Most shipping container customization plans will involve adding windows, doorways, vents or even opening up a side wall. Cutting Cor-Ten steel although not as easy as cutting wood can be done with a number of different tools that you may have available in the typical handyman’s tool box.
First and most importantly is to protect yourself while working with cutting tools. No matter what tool you select, the cut steel will have very sharp edges; wear a pair of heavy leather gloves like those designed for welding. The cutting operation involves sparks and metal shavings, wear eye protection! The tools are loud and the steel shipping container will increase the noise, wear good hearing protection! Also wear a heavy long sleeve shirt and long pants. I know that may not always be pleasant however it sure beats hot metal shavings landing on you. Speaking of landing on you, shipping containers are constructed from 12 gauge steel, approximately 1/8″ of an inch thick. A big piece of this stuff like from a door opening will be heavy, be careful when finishing your cut to make sure a heavy piece of metal with razor-sharp jagged edges will not fall toward you and injure you.
To begin, use a sharpie type marker to clearly draw edge of your opening on the container steel. If cutting an opening on shipping container isn’t or will not develop into a frequent practice for you then you can use a saws-all or reciprocating saw with a heavy steel cutting blade. Save yourself some frustration here, don’t buy cheap blades, they’re cheap for a reason, this is heavy-duty work and you want several heavy-duty blades available. Drill a hole on the inside of the line of your marked opening big enough for the saw blade, put your blade in the hole and begin cutting along your line.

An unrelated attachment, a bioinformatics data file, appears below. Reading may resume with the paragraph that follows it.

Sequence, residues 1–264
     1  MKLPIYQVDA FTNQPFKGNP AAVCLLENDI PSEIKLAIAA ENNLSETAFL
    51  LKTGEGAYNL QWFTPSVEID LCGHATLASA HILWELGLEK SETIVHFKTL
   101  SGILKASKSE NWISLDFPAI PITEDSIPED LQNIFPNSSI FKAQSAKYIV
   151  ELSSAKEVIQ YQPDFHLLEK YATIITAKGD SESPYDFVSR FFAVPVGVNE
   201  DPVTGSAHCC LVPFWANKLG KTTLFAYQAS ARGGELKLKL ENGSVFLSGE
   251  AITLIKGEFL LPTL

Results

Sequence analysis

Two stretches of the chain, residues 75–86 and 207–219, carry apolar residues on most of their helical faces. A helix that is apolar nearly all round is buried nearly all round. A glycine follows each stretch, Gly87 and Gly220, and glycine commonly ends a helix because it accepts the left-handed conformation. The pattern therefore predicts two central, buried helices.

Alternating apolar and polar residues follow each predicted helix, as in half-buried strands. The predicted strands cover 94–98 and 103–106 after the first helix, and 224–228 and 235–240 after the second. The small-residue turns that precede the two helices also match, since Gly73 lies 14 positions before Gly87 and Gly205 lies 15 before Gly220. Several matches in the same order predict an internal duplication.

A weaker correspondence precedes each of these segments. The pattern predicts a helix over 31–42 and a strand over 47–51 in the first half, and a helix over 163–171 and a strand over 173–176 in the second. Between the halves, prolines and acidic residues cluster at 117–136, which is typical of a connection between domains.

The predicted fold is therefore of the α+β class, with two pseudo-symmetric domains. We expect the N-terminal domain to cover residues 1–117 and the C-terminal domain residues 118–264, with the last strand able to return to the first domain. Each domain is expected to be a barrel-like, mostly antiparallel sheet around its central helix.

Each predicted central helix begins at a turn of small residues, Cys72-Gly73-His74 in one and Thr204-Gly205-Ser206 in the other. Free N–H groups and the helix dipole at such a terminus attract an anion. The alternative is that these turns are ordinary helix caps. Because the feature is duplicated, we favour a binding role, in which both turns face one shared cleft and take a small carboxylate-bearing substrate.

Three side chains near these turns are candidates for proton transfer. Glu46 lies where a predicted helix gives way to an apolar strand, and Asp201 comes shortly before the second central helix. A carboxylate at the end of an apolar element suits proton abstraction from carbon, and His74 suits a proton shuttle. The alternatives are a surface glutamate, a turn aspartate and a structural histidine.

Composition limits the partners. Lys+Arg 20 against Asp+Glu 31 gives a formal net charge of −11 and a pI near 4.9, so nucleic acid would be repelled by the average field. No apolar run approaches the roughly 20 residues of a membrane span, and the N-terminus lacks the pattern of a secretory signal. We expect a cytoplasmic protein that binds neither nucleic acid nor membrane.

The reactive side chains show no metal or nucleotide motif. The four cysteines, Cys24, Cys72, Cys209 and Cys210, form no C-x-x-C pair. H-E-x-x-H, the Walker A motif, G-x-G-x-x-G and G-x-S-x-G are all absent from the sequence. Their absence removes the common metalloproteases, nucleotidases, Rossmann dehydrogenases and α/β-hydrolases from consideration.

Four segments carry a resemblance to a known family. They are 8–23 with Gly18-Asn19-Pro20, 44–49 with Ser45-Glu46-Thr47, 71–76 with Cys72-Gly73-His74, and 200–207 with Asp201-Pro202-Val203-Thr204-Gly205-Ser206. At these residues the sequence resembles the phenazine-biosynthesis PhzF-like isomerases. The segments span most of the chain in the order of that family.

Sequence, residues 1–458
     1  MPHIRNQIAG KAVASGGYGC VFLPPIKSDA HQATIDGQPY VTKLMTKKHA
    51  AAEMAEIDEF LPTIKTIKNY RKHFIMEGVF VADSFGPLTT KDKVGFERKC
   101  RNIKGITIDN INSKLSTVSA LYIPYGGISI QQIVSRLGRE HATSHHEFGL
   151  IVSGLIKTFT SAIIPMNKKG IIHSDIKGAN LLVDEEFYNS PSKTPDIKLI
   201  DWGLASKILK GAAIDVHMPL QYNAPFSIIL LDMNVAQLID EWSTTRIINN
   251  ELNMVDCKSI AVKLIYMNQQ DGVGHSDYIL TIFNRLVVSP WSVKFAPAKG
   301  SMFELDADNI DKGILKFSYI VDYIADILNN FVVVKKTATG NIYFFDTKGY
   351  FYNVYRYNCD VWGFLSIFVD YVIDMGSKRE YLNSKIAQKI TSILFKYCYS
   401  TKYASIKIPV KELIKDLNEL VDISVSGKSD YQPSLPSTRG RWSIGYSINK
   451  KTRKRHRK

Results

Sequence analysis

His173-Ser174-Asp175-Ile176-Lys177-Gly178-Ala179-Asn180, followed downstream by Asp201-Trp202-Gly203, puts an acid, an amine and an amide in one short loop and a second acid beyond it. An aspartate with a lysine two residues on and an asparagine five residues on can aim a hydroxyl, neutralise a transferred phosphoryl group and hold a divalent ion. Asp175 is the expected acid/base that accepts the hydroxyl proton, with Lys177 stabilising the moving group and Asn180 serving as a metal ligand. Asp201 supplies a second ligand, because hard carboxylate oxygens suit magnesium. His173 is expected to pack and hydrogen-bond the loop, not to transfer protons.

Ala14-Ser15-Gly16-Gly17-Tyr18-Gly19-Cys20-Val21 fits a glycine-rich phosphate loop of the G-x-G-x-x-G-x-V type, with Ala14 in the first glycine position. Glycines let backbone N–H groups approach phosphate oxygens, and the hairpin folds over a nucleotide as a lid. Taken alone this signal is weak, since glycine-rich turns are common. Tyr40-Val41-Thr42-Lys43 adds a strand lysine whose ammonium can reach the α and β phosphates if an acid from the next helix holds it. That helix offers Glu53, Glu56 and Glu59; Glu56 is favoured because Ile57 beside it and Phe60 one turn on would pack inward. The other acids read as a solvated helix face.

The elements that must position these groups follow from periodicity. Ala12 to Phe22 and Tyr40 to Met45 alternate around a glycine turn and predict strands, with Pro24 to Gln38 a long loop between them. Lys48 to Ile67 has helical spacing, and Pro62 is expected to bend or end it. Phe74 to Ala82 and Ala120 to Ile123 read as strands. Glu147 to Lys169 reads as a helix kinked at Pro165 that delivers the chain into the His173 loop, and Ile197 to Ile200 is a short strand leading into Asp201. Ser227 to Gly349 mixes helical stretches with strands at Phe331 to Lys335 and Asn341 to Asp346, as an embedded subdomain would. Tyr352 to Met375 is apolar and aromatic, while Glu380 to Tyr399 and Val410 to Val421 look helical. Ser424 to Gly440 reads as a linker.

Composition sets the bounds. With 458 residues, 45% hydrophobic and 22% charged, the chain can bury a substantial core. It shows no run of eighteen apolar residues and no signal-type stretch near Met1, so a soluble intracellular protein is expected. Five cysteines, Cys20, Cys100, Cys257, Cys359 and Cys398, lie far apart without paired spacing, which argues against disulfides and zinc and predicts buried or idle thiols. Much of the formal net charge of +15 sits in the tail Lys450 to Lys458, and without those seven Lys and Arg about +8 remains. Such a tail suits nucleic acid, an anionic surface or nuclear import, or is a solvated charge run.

You can also use a skill saw with a good meal cutting blade. To start your cut, first set the blade on top of your mark to get lined up. Lift the rear of the skill saw up enough so that the blade leaves the container surface and start the saw blade, slowly ease the saw blade down to your mark until the blade cuts through the steel then follow your line. You’ll have to repeat this process when you come to the corners as a skill saw does not turn. Don’t panic in the event you wander off of the line a little bit with either of these cutting methods, any error can easily be fixed.
Those who cut this type of steel on a more regular basis should have a torch available, or the ultimate field cutting instrument, a plasma cutter in the tool arsenal. These will be much quicker and simpler than saws and much less fooling around when turning corners. You can rent these tools at most equipment rental locations but practice on some scrap metal before you begin cutting on your container.
While its heavy-duty work, cutting openings in shipping containers isn’t hard and can be accomplished with any number of tools, just do it – carefully, and the easiest for you method will come to you.
Source by J. P. Carrico